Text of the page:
Indeed, we have learned to rely on one another as coauthors in this way as well—passing papers back and forth and trying to assess work/family balance issues, and more. It enriches our work lives. The labor for this blog post itself, in fact, was aided by a queer digital network of people interested in similar issues and ideas and eager to help. In the end, these studies seem to raise as many questions as they answer about sexuality, gender, and the wage gap. And we ought to consider the questions posed as well as those that appear to be answered.

I’m beyond delighted to briBeyondBalancePanelng you this post from my friends over at Women Employed, a Chicago-based advocacy organization that mobilizes people and organizations to expand educational and employment opportunities for America’s working women. Below, Adriana Díaz, the Communications Manager at Latino Policy Forum and a leader of the Advocacy Council at Women Employed, muses poignantly and shares knowledge on how we work. Follow her on Twitter @adriana9diaz.  -Deborah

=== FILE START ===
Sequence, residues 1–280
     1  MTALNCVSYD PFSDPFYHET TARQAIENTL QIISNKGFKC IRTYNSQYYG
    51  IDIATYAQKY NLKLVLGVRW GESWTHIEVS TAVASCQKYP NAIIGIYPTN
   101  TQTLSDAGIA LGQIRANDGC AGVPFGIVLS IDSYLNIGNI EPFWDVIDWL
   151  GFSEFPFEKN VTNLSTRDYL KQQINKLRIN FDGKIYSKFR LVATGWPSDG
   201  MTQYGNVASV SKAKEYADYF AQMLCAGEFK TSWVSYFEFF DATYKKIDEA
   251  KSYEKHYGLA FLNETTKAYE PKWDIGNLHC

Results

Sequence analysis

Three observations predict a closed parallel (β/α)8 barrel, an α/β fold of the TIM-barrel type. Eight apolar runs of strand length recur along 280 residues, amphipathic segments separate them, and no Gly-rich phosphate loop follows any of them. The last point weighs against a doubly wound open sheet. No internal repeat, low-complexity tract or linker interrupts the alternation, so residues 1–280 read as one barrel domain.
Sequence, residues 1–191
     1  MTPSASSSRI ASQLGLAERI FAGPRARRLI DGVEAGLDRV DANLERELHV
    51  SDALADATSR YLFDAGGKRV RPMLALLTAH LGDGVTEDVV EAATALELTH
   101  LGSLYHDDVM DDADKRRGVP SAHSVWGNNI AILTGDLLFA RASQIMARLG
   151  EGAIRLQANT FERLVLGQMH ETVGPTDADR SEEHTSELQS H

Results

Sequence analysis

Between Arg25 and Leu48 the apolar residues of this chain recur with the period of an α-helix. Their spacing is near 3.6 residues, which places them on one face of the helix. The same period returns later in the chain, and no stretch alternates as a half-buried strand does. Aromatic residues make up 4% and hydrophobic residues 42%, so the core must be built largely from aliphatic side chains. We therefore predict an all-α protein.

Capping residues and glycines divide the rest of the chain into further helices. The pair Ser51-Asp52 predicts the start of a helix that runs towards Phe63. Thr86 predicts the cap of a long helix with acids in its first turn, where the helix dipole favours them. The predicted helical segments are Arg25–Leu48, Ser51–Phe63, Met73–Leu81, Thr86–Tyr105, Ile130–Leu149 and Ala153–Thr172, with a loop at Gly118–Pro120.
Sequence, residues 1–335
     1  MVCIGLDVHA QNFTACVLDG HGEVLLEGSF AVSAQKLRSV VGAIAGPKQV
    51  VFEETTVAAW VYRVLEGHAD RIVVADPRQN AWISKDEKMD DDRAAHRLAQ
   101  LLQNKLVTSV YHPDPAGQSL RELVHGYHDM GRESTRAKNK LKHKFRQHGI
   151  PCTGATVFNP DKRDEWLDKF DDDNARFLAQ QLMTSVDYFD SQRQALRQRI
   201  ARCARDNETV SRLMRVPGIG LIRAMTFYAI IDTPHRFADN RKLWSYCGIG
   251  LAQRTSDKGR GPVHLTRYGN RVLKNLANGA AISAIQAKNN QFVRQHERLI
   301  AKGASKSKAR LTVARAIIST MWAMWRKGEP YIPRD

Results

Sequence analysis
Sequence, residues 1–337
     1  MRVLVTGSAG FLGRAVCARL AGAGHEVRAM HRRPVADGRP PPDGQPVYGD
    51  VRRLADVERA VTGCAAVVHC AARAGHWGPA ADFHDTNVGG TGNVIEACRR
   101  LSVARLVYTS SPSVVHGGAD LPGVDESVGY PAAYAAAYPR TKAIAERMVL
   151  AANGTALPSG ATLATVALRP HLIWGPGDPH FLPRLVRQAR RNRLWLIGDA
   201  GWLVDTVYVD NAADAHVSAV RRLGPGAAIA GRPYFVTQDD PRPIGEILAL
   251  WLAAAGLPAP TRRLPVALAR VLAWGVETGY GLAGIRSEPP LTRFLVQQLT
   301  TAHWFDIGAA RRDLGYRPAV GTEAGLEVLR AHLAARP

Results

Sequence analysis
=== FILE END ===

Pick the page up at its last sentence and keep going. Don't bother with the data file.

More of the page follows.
A few weeks ago, I lost several hours of sleep to an irregular bout of insomnia. I went to work grouchy, brain hazy, and started to complain to my coworker—when I realized that she, as a mother of two children under the age of 3, ran on an average of five hours of sleep a night. A sleepless night seemed trivial in the moment, but in our water cooler conversation we gained perspective in our lifestyle differences, and in our shared privileges as women employed by our office—we both work for a company that values family support and work-life balance and offers flexible scheduling for salaried employees to meet those needs. For example, my coworker works 8 to 4 to accommodate her family’s childcare needs. I work 10 to 6. Bonus: we both get to work from home once a week.